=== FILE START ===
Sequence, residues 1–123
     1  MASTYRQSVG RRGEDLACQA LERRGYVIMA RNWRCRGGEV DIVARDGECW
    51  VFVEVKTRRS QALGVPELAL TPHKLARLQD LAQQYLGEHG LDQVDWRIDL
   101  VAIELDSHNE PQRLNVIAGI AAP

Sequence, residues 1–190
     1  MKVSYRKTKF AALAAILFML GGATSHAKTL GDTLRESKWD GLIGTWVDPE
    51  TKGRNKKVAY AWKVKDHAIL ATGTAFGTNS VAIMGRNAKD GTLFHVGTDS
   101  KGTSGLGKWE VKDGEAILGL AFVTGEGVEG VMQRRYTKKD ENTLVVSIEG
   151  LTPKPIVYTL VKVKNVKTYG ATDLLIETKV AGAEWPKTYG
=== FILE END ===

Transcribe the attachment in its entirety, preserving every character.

Sequence, residues 1–123
     1  MASTYRQSVG RRGEDLACQA LERRGYVIMA RNWRCRGGEV DIVARDGECW
    51  VFVEVKTRRS QALGVPELAL TPHKLARLQD LAQQYLGEHG LDQVDWRIDL
   101  VAIELDSHNE PQRLNVIAGI AAP

Sequence, residues 1–190
     1  MKVSYRKTKF AALAAILFML GGATSHAKTL GDTLRESKWD GLIGTWVDPE
    51  TKGRNKKVAY AWKVKDHAIL ATGTAFGTNS VAIMGRNAKD GTLFHVGTDS
   101  KGTSGLGKWE VKDGEAILGL AFVTGEGVEG VMQRRYTKKD ENTLVVSIEG
   151  LTPKPIVYTL VKVKNVKTYG ATDLLIETKV AGAEWPKTYG